Book review: The Temporary Bride: A Memoir of Food and Love in Iran
Published in 2014 in the UK, Australian, and New Zealand markets, Jennifer Klinec’s Iranian food and romance memoir The Temporary Bride will be published on Valentine’s Day in the U.S.
Klinec abandons a financially secure career in London to open a cooking school out of her apartment. In search of new recipes, she travels to countries that many people would never dream of putting on their dream vacation lists. This exploration eventually leads her to the rural provinces of Iran, where she shadows cooks in their home kitchens and learns the foods that comprise local culture. Interesting premise.
To spice things up even more, she begins an intense, taboo, whirlwind relationship with Vahid, the son of one such cook. This leads to visa extensions, courtship confusion, cultural clashes, and questions about what the relationship means to them both. Ultimately, what it means is that they get a “temporary marriage”, an Iranian bureaucratic work-around allowing couples to marry with a fixed end date, forgoing all the formality usually accompanying the union. It also lets them enjoy all the benefits of a public relationship without the scrutiny, and potential illegality, of a country where such relations between the sexes (showing normal affection in public, sharing hotel rooms) is illegal outside of marriage.
Unfortunately, the idea was far more interesting than the result. The relationship between Jennifer and Vahid is, in a word, uncomfortable. He tells her that he doesn’t find her beautiful, and expected her to be thinner and less hairy. He calls her dirty. What a keeper. Of course, anyone can grow and change, especially when there’s such a vast difference in cultures and gender relations at play.
But the whirlwind romance seems dragged out for the purpose of making a full-length book instead of an article. There’s an abundance of purple prose, like describing hot cooking surfaces as “eager”. Same for the overly descriptive tale of choosing a scarf for her visa photo. She wants one so to look pretty. Her stories are often a mix of longing for something deeper and emotional, more than the superficial life that so many people seem to live (criticizing working a 9-5 and waiting for the weekend), and being so shallow that it’s hard to believe it comes from the same person.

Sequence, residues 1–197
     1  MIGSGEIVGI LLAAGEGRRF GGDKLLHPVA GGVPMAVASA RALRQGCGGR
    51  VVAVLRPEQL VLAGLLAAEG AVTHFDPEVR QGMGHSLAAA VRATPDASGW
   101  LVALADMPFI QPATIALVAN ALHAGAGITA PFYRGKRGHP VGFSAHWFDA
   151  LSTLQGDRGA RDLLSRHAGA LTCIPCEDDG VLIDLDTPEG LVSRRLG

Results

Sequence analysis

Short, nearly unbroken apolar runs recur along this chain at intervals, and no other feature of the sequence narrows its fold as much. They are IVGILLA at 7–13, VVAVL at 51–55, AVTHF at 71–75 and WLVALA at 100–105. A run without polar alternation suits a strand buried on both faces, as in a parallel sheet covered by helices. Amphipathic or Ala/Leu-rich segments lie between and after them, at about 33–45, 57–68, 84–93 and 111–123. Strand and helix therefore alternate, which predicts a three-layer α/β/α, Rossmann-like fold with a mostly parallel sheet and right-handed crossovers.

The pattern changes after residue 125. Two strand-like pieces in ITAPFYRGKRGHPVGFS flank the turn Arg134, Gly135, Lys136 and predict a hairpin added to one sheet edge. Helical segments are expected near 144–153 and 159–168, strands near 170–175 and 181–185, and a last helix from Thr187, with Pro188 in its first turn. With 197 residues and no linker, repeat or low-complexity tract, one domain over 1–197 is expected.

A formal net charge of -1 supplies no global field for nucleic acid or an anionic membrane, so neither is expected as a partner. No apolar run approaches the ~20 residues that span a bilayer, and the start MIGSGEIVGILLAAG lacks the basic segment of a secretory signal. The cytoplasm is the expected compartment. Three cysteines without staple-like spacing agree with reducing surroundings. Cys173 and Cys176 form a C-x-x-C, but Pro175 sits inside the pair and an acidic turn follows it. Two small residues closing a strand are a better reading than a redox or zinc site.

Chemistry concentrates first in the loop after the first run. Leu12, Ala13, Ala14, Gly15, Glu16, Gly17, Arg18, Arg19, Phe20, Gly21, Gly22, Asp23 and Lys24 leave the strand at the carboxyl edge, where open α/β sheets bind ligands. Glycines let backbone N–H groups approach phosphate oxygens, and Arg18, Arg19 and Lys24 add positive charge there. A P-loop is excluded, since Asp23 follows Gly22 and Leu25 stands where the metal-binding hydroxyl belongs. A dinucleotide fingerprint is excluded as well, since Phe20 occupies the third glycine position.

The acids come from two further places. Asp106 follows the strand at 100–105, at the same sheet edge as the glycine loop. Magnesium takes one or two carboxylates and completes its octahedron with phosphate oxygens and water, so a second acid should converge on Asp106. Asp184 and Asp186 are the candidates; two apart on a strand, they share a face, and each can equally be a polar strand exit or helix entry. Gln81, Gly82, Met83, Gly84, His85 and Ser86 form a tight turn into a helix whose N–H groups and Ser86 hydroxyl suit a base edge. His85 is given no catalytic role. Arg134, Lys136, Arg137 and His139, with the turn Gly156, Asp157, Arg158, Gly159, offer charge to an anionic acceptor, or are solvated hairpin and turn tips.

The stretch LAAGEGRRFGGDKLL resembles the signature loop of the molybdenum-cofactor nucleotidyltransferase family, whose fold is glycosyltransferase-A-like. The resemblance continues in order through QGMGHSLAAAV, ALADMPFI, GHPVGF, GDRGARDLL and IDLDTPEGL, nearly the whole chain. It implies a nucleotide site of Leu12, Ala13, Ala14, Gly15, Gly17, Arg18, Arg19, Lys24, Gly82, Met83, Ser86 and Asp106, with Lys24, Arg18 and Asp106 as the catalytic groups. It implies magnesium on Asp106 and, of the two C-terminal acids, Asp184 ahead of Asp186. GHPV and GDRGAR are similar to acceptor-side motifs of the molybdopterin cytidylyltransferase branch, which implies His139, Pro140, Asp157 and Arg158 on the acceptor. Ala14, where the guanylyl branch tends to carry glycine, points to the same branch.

The whole story takes place in about a month’s worth of time, give or take, which pushes the boundaries of belief in terms of the intensity employed. One scene describes returning to a civil administrative office to request a second visa extension. “The building is how I remember it from before. The same white, square ceramic tiles. The same wood-veneer panels lining the walls.” Well, yes. Of course it’s the same. As she reminds us in the next paragraph, she was last there two weeks before. The drama.
I’m not a romance reader, but I don’t mind a story of a relationship. But this one grated on my nerves. Between his insults and her casual acceptance of them, and the melodrama of a two week visa extension (twice) which reminds you how brief of a window all of this action takes place within. Not to sound cynical, but it was too much. She ends with a too-brief afterward about later time together in Tehran and beyond, and I’d have been more interested in reading about how Vahid behaved when they weren’t on his home turf, and as he learns more about the depth and difficulties of real, non-arranged relationships with women who expect equality. But that’s brushed over in favor of this uncomfortable love story. It made me feel icky.
Speaking of feeling icky – as for the food aspect, which really grabbed me when choosing the book, it ended up disappointing and was secondary to the Vahid storyline, plugged in to illustrate their initial bonding and dates. Some of the food she gushes over is enough to make a casual reader queasy – imagine every part of a sheep, shredded into soup or plopped on a plate. Every part, right down to the milk teats.
Although it was very much not my cup of tea, I think I should mention that it would absolutely appeal to readers with a taste for melodramatic, obstacle-laden romance, or memoirs about the accomplishment of losing then finding yourself in food and foreign men. It’s not for me but suits plenty of others, and the book is popular in other English-speaking markets. I think it’d be appealing for Eat, Pray, Love fans. I haven’t read that and don’t want to, but I feel confident this would appeal to the same type of reader, so it’s worth mentioning.
The Temporary Bride: A Memoir of Food and Love in Iran
by Jennifer Klinec
published February 14, 2017 by Twelve, originally published September 2014 by Virago
I received an advance copy courtesy of the publisher in exchange for review.